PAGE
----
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Anal Chem. 2006 Aug 1;78(15):5543-51.

Solution-phase surface modification in intact poly(dimethylsiloxane) microfluidic channels.

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  • 1Crump Institute for Molecular Imaging and Department of Molecular & Medical Pharmacology, David Geffen School of Medicine at UCLA, 700 Westwood Plaza, Los Angeles, California 90095, USA.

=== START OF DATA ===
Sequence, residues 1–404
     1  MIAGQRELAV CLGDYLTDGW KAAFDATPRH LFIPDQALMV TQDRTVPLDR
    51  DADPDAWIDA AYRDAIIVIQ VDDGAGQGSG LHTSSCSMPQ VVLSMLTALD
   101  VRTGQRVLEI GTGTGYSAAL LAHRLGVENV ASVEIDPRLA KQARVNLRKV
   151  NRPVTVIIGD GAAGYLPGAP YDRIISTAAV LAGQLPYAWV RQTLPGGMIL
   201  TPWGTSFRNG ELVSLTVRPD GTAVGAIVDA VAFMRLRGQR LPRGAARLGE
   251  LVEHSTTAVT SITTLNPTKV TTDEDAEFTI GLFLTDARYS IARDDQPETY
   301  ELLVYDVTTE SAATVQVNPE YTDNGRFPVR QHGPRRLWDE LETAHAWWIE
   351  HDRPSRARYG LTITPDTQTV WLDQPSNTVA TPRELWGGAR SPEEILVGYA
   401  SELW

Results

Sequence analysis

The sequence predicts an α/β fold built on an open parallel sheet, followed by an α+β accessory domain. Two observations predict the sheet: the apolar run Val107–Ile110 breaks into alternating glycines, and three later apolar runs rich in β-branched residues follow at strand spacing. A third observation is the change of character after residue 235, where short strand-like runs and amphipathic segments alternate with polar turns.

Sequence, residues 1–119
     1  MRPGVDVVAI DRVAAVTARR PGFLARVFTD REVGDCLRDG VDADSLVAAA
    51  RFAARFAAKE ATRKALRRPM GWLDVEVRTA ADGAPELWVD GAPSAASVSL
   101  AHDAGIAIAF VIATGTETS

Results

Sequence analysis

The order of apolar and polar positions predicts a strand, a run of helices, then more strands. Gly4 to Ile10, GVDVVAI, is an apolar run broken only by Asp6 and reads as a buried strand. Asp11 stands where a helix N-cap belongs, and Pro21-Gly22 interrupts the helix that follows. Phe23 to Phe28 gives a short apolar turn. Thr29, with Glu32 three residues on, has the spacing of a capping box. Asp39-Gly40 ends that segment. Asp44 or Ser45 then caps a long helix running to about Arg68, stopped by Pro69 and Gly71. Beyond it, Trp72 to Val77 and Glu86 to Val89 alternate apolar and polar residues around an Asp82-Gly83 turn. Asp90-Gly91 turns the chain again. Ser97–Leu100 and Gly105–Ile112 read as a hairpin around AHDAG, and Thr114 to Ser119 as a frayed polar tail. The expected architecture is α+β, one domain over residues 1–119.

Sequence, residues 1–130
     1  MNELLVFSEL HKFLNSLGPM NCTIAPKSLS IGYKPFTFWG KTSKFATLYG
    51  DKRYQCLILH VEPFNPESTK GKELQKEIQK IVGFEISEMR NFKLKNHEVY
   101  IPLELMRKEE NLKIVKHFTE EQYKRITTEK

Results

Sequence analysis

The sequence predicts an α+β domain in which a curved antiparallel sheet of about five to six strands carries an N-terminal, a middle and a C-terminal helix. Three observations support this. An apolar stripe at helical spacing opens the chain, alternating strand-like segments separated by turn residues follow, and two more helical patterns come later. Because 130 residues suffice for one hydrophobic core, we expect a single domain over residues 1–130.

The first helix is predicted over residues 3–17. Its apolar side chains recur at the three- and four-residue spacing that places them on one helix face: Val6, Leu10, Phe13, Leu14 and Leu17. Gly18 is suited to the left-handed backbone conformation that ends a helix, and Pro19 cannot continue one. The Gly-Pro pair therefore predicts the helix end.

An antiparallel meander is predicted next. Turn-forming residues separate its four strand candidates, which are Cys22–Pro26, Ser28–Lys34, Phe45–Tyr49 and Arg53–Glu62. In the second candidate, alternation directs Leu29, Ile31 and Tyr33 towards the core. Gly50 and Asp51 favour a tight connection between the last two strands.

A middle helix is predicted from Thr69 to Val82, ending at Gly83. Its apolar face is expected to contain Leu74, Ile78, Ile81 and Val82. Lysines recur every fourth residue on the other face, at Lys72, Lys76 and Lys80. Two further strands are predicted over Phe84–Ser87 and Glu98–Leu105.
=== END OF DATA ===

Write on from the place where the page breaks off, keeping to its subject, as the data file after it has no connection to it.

An improved approach composed of an oxidation reaction in acidic H2O2 solution and a sequential silanization reaction using neat silane reagents for surface modification of poly(dimethylsiloxane) (PDMS) substrates was developed. This solution-phase approach is simple and convenient for some routine analytical applications in chemistry and biology laboratories and is designed for intact PDMS-based microfluidic devices, with no device postassembly required. Using this improved approach, two different functional groups, poly(ethylene glycol) (PEG) and amine (NH2), were introduced onto PDMS surfaces for passivation of nonspecific protein absorption and attachment of biomolecules, respectively. X-ray electron spectroscopy and temporal contact angle experiments were employed to monitor functional group transformation and dynamic characteristics of the PEG-grafted PDMS substrates; fluorescent protein solutions were introduced into the PEG-grafted PDMS microchannels to test their protein repelling characteristics. These analytical data indicate that the PEG-grafted PDMS surfaces exhibit improved short-term surface dynamics and robust long-term stability. The amino-grafted PDMS microchannels are also relatively stable and can be further activated for modifications with peptide, DNA, and protein on the surfaces of microfluidic channels. The resulting biomolecule-grafted PDMS microchannels can be utilized for cell immobilization and incubation, semiquantitative DNA hybridization, and immunoassay.

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